SECTION 3. Findings
- Subsection 3(2)(A), (B), and (C) addresses HIV/AIDS, child, early and forced marriage, and other forms of violence. These cannot be addressed holistically through more funding for education internationally, and require different health policies, legal changes, and social engineering interventions to change cultures, habits, and health policies. It is highly questionable that this focus should be included in this act.
- NOTE on child marriage: Child marriage and teenage motherhood are tightly linked: in the developing world, 90% of births to girls under 18, of whom over a quarter are under 14, occur within marriage. But education policy is not the right place to address this. And Congress already has enacted laws to address this. A stand-alone policy on this would avoid any possible implication of abortion and contraception policy for girls.
- NOTE on HIV/AIDS among girls: Current PEPFAR HIV/AIDS programming is failing to prevent the spread of HIV/AIDS among teenage girls. It is a question that must be asked in the context of evaluating PEPFAR programs before adding this focus in other programing areas.
- Subsection 3(8)(A) includes dubious economic speculation, stating that, “investing in holistic programming that ensures all girls complete secondary education could lift gross domestic product (GDP) in developing economies by an average of 10% and every $1 spent on such programming would generate a $2.80 return – equivalent to billions of dollars in extra GDP.” The assumption is that social policies should be dictated by whatever is good for the economy, and that what drives U.S. foreign policy is whatever results in more economic productivity. But such economic speculation should not eclipse the fact that educating girls should be an end in itself, based in their human rights.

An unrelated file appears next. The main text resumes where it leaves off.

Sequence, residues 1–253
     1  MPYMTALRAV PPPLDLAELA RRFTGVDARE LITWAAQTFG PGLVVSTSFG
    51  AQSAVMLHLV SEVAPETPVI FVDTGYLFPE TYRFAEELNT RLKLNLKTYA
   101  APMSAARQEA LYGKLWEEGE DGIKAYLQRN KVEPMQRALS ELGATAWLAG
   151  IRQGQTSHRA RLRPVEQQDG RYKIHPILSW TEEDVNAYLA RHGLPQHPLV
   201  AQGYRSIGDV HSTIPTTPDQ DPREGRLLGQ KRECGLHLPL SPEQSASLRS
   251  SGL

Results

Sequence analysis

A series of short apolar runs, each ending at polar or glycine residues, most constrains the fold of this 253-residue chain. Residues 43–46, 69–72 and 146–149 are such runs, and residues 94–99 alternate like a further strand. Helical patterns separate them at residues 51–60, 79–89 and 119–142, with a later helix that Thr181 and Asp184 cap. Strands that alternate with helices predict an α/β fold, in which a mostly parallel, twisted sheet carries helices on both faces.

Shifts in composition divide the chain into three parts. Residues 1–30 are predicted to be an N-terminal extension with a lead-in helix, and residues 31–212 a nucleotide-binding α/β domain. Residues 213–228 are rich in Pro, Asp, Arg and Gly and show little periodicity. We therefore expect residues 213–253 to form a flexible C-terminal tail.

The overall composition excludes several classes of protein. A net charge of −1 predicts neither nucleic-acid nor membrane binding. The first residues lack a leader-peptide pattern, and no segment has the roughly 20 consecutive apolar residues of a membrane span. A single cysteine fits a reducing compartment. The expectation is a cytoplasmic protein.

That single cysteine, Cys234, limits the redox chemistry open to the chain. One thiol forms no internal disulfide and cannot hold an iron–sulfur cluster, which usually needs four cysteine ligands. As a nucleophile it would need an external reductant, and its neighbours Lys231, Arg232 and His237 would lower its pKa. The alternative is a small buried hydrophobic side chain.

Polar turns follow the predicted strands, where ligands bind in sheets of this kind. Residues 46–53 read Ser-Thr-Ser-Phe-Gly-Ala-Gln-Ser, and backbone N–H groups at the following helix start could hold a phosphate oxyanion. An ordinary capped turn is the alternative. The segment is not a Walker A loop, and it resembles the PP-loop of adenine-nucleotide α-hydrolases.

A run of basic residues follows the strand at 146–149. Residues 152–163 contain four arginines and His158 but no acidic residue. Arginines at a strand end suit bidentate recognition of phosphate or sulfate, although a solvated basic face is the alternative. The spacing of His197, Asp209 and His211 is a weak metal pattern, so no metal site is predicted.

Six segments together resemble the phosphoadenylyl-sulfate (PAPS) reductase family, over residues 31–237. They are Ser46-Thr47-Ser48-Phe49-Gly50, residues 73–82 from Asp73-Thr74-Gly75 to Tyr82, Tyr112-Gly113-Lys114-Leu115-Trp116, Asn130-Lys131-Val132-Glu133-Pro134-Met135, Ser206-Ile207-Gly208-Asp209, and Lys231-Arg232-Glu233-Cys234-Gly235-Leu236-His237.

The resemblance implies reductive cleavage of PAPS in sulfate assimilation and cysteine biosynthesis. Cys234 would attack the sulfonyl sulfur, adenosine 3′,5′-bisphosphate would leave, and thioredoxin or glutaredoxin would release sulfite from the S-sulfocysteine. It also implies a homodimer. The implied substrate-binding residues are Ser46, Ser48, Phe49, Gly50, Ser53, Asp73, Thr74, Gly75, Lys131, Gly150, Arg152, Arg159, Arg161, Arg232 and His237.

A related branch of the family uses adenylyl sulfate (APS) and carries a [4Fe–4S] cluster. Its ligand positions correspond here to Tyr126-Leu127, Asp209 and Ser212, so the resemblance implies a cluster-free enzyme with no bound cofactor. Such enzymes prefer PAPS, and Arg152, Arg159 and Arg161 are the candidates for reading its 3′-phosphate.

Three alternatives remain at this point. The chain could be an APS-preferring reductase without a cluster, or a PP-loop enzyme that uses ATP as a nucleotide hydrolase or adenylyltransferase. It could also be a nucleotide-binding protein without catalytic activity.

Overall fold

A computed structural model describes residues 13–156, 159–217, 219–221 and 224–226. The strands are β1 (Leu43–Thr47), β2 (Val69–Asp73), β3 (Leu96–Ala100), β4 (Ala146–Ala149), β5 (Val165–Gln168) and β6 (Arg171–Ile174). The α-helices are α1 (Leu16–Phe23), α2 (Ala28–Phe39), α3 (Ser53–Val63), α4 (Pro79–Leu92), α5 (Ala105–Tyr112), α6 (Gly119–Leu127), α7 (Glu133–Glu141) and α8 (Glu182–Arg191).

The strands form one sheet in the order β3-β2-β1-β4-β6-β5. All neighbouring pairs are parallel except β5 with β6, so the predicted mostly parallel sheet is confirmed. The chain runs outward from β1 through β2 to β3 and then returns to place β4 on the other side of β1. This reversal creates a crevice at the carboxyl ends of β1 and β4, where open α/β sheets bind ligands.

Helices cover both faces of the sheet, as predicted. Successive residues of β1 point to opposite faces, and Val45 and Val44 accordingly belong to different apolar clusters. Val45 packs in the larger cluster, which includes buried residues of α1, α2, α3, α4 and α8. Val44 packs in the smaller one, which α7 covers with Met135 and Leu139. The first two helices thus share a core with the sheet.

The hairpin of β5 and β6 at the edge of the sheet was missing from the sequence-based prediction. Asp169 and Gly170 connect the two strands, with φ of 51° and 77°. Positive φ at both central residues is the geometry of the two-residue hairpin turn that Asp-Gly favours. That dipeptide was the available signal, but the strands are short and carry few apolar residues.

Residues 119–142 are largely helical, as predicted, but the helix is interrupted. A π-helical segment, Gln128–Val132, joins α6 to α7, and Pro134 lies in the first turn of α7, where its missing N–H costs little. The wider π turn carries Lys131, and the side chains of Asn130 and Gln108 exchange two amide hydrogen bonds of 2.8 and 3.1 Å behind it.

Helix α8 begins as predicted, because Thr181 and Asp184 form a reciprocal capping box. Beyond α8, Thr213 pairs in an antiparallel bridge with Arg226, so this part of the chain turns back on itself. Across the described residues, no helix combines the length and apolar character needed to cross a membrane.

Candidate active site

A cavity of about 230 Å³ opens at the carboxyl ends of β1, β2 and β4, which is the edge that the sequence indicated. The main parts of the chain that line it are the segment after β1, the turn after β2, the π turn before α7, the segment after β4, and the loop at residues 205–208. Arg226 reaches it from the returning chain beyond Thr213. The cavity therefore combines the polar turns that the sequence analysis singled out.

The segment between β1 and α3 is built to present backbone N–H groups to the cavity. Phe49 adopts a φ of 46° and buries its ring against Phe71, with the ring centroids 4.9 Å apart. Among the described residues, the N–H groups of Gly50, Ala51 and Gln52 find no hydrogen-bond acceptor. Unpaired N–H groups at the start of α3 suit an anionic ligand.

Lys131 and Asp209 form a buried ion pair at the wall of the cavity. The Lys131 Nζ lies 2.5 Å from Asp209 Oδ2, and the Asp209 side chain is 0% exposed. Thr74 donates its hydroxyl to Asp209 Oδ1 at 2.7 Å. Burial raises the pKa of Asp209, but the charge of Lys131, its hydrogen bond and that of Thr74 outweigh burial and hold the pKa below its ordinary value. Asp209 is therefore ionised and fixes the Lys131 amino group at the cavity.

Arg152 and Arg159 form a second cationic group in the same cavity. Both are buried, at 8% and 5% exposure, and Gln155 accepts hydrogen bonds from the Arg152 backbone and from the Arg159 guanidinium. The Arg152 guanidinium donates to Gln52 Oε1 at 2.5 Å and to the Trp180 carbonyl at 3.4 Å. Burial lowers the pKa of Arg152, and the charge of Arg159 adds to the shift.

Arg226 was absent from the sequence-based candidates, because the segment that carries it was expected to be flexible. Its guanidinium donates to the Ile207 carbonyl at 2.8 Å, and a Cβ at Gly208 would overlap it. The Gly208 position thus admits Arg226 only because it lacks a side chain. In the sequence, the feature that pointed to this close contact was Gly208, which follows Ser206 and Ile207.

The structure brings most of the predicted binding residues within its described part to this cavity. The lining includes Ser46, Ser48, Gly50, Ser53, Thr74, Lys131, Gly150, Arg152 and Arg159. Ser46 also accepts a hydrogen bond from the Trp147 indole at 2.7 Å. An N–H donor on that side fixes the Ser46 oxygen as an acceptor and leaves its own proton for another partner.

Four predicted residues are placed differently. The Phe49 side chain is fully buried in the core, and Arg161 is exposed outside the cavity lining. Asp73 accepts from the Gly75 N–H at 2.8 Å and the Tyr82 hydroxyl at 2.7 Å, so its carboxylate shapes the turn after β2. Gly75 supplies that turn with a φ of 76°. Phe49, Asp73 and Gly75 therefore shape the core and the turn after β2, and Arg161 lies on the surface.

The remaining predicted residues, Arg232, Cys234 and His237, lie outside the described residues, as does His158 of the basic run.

- Subsection 3(10) mentions the Global Strategy for Adolescent Girls. This is the most explicitly pro-abortion of all the gender policies launched by the Obama administration. It should not be mentioned anywhere in the bill.
- Subsection 3(11) makes the UN’s 2030 Agenda for Sustainable Development a focus of the bill. It is generally not a good thing to align U.S. foreign aid policy with international goals that are designed, implemented, and measured by foreign governments and international agencies that do not necessarily share the same interests and priorities as the American people.
- Subsection 3(12) refers to the PEPFAR “DREAMS (Determined, Resilient, Empowered, AIDS-free, Mentored, and Safe) Initiative.” Legislatively codifying DREAMS is hugely problematic for its funding to abortion groups. Additionally, site visits found huge problems in Africa with implementing organizations including corruption. Some contracts had to be terminated. The PEPFAR data that Ambassador Birx reported has not been substantiated. Congress should ask for a thorough audit of the DREAMS initiative before it is legislatively codified.
SECTION 4. Sense of Congress